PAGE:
Estate planning professionals generally agree that developing the plan -- writing the will, signing the trust documents, drafting a healthcare power of attorney -- is the first step, not the only step, toward ensuring your wishes are followed when you die or if you become incapacitated. Every person should have some kind of plan, and every person should review his or her plan annually.
The review is important for a few reasons. First, life happens. You may have a falling out with your brother that convinces you he is not the right person to raise your children if something happens to you. Your mother may pass away, so you will need to name a new personal representative. You might have a child, so you might want to buy more life insurance.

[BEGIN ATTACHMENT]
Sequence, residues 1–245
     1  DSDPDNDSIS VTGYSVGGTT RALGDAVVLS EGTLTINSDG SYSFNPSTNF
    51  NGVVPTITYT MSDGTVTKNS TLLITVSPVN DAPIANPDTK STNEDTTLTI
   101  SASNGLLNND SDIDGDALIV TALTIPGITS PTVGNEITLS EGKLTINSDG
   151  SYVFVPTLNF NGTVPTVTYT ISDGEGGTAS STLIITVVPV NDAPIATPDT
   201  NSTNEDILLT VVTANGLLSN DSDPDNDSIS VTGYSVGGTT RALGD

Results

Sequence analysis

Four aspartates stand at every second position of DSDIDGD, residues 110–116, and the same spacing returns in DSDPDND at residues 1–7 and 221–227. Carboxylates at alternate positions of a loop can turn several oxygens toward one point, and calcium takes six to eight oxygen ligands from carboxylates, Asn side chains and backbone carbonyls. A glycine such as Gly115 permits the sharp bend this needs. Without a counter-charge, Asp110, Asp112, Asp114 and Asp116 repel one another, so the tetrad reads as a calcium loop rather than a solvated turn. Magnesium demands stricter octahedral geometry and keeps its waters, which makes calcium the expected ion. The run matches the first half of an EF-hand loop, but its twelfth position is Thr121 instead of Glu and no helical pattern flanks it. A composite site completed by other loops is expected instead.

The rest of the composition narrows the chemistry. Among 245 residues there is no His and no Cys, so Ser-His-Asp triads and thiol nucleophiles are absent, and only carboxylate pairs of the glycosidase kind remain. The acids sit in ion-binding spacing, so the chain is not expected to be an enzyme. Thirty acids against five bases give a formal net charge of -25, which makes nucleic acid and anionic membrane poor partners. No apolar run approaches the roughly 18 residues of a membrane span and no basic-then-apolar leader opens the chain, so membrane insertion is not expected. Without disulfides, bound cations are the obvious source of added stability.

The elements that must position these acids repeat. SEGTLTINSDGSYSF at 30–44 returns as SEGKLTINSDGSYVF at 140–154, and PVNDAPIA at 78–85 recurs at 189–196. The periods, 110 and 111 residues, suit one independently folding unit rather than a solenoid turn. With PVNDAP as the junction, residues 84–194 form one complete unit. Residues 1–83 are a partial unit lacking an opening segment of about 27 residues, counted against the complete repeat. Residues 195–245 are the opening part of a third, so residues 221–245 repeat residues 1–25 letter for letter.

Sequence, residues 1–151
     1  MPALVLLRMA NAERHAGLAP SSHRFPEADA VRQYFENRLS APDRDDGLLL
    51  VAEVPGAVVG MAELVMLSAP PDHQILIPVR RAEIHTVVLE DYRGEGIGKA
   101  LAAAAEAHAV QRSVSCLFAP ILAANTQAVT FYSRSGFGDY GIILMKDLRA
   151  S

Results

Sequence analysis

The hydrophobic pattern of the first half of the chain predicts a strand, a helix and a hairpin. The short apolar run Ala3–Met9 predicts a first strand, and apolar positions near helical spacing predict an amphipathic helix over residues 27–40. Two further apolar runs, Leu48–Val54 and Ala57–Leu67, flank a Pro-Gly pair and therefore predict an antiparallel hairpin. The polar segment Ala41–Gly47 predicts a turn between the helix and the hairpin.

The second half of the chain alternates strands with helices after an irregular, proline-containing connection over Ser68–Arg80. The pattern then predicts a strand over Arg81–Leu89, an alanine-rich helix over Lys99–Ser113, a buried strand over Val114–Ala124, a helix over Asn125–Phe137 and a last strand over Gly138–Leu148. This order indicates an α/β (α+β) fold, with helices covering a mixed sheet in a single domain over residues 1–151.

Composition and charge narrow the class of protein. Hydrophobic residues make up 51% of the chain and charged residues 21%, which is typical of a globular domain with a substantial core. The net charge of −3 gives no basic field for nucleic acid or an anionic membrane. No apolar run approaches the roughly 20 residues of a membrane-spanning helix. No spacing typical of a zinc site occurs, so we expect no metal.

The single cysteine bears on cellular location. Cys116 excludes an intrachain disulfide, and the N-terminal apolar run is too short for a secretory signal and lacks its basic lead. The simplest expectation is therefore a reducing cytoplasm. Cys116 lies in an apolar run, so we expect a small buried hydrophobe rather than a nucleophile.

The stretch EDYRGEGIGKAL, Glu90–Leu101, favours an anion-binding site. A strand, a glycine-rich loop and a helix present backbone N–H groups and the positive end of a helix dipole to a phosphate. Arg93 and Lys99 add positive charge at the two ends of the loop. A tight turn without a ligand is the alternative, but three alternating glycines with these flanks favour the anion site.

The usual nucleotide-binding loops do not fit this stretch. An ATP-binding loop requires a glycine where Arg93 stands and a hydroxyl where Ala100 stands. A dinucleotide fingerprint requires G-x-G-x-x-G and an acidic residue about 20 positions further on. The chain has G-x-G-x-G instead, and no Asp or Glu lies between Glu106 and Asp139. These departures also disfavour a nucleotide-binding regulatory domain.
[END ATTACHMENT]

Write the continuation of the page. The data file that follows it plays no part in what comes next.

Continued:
Of all the items that should be reviewed, perhaps the most often overlooked items are beneficiary designations. Life insurance policy payouts, for example, bypass probate and go straight to the beneficiary. If you don't name a beneficiary, or if your named beneficiary has died, the payout could roll into your estate -- your taxable estate that is available to creditors.
The policy itself may designate your surviving spouse as your default beneficiary, of course, but no one should count on that being the case. The same applies to 401(k) and IRA accounts: The contract may include some contingency distribution plan if no beneficiary is named, but the money could still end up taxable, available to creditors or both. The objective of these accounts is to maximize your assets for your heirs. Not naming a beneficiary is a sure way to mess that up.
We'll continue this in our next post.